With the ever evolving and expanding interest in, and uses for, user related data, and the ever growing amount of user generated data, criticism of standard practice around ‘Terms & Conditions’ (T&Cs) as means for gaining ‘informed’ consent from users for accessing and using their data is becoming ever more vocal.
– Sunday June 30th, iRights Workshop: Discussion and brain-storming event to help the Southbank Centre Digital Team design the website to incorporate the principles of the iRights as part of their efforts at making the Southbank Centre website a world class destination.
It’s been a busy week in the world of digital rights. On April 11th the UK’s Liberal Democratic party decided to put digital rights on the election campaign agenda by launching a proposal for a Digital Bill of Rights. On April 15th, the Global Commission on Internet Governance released a statement titled “Towards a Social Compact for Digital Privacy and Security” in the run up to the 2015 Global Conference on Cyber Space in the Hague, which culminated with the launch of the Global Forum on Cyber Expertise.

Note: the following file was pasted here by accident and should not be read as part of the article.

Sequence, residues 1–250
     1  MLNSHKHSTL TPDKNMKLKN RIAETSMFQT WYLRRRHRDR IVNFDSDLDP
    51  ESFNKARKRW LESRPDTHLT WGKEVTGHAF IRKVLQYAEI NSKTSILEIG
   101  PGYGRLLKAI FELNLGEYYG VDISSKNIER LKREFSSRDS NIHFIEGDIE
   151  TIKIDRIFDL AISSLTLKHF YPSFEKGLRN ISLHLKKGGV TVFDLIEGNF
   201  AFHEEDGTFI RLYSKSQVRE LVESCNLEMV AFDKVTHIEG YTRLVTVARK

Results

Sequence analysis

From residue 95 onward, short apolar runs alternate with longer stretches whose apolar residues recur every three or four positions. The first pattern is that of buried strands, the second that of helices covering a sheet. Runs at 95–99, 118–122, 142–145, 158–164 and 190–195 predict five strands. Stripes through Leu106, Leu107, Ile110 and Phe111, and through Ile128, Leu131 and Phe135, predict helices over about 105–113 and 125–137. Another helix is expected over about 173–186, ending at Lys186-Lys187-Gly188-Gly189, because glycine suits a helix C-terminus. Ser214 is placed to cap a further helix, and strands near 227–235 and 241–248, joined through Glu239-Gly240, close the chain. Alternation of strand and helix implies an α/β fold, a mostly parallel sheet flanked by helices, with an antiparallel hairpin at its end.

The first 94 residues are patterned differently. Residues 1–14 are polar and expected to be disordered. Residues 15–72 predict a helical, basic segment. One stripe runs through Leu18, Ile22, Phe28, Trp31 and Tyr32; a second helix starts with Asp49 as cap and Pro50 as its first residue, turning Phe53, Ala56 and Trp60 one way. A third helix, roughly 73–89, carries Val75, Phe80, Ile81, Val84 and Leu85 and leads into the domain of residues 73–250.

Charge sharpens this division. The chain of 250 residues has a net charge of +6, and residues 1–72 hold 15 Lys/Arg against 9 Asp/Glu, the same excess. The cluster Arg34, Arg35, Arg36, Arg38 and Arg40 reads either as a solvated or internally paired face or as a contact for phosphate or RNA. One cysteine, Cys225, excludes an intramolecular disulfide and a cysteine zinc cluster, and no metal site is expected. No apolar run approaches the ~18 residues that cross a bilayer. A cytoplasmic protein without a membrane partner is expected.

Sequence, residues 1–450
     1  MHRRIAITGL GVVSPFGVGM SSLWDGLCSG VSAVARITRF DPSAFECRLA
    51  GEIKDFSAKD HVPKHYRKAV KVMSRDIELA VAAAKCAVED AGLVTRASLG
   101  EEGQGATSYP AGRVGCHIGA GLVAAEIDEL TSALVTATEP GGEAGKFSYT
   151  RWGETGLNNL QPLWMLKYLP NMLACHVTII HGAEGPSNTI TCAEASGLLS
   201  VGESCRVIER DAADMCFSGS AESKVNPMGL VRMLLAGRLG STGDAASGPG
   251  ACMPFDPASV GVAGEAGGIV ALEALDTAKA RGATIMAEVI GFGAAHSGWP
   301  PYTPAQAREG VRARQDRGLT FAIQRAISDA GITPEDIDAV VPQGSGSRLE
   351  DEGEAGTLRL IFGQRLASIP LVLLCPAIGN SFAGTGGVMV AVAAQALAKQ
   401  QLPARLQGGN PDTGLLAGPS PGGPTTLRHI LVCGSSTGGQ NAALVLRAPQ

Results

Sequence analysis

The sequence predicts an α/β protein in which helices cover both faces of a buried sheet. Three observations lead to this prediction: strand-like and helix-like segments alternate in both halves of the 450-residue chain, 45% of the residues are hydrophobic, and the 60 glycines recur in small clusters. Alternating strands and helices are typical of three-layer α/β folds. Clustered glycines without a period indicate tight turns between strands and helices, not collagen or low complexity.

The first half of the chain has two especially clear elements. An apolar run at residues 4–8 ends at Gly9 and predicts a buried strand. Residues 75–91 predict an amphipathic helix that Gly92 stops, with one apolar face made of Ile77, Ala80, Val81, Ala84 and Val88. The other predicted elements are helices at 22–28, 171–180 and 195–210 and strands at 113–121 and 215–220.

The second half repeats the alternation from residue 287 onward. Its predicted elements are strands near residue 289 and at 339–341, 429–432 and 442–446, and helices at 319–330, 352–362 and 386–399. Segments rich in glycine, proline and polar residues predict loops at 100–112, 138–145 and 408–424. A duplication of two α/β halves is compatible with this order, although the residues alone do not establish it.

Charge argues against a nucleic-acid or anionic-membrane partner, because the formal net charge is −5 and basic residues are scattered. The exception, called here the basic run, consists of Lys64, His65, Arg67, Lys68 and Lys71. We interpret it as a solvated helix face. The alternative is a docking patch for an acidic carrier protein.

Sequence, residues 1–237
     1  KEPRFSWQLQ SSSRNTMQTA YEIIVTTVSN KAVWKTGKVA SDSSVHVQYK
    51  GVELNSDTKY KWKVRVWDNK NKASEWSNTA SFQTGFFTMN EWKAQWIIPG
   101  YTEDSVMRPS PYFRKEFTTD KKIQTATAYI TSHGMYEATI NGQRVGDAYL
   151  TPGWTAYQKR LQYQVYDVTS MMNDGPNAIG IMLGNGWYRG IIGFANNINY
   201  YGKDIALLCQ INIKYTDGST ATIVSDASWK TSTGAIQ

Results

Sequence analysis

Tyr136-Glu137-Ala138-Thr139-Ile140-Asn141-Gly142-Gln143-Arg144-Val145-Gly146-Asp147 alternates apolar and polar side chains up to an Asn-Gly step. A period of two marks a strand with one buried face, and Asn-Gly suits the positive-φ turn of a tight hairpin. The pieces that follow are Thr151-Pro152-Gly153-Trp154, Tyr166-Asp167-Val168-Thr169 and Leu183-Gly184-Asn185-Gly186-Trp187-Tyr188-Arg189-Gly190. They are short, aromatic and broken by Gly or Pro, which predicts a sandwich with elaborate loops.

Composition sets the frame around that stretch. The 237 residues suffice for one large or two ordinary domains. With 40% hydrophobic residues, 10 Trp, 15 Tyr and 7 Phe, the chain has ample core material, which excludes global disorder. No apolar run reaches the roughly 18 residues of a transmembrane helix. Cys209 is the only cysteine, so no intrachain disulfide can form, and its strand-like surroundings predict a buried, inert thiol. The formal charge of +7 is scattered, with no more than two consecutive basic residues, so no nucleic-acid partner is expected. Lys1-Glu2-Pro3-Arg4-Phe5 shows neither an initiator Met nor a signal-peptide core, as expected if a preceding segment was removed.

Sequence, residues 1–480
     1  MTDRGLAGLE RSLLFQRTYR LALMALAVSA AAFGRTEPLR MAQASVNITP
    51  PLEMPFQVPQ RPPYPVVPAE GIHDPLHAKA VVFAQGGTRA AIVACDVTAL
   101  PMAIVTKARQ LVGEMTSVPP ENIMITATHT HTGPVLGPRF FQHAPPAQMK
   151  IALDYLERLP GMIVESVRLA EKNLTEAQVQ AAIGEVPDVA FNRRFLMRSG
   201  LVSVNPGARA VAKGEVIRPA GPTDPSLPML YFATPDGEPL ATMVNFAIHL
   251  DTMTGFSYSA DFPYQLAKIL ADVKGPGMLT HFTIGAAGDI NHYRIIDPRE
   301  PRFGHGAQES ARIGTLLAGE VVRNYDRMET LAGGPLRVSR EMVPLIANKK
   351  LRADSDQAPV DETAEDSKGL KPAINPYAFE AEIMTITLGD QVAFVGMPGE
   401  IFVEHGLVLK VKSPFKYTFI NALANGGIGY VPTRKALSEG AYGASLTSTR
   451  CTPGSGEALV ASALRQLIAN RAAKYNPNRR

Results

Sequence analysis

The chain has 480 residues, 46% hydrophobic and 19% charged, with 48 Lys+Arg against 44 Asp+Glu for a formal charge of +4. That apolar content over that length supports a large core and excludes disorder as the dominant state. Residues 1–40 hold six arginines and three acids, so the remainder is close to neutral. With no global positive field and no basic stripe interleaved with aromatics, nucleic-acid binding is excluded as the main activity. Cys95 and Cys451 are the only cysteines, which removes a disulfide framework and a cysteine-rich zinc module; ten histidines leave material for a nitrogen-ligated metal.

On April 9th the first two iRights Youth Juries were held at University of Nottingham. In collaboration with the civil society initiative, iRights, and Prof. Coleman’s lab from University of Leeds, CaSMa will be running 12 Youth Juries to allow children and young people to have a say about their rights on the internet. At the Youth Juries groups of 10 to 15 participants, aged 12-17, are asked to consider, debate and share ideas about the future of the internet.